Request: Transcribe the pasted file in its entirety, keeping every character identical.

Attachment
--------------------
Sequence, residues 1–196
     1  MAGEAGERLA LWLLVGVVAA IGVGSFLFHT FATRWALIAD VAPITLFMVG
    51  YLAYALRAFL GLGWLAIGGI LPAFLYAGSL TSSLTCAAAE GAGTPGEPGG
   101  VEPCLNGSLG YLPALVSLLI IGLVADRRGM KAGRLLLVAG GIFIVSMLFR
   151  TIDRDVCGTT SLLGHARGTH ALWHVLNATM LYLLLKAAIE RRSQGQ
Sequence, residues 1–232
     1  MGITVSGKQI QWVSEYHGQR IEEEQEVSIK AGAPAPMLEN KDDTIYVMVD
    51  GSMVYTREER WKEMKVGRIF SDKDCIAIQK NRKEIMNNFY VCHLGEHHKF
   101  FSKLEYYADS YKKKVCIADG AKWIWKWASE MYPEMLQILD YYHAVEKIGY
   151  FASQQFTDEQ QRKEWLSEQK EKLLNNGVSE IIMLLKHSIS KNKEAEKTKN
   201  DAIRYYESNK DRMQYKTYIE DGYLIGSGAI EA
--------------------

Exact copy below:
Sequence, residues 1–196
     1  MAGEAGERLA LWLLVGVVAA IGVGSFLFHT FATRWALIAD VAPITLFMVG
    51  YLAYALRAFL GLGWLAIGGI LPAFLYAGSL TSSLTCAAAE GAGTPGEPGG
   101  VEPCLNGSLG YLPALVSLLI IGLVADRRGM KAGRLLLVAG GIFIVSMLFR
   151  TIDRDVCGTT SLLGHARGTH ALWHVLNATM LYLLLKAAIE RRSQGQ
Sequence, residues 1–232
     1  MGITVSGKQI QWVSEYHGQR IEEEQEVSIK AGAPAPMLEN KDDTIYVMVD
    51  GSMVYTREER WKEMKVGRIF SDKDCIAIQK NRKEIMNNFY VCHLGEHHKF
   101  FSKLEYYADS YKKKVCIADG AKWIWKWASE MYPEMLQILD YYHAVEKIGY
   151  FASQQFTDEQ QRKEWLSEQK EKLLNNGVSE IIMLLKHSIS KNKEAEKTKN
   201  DAIRYYESNK DRMQYKTYIE DGYLIGSGAI EA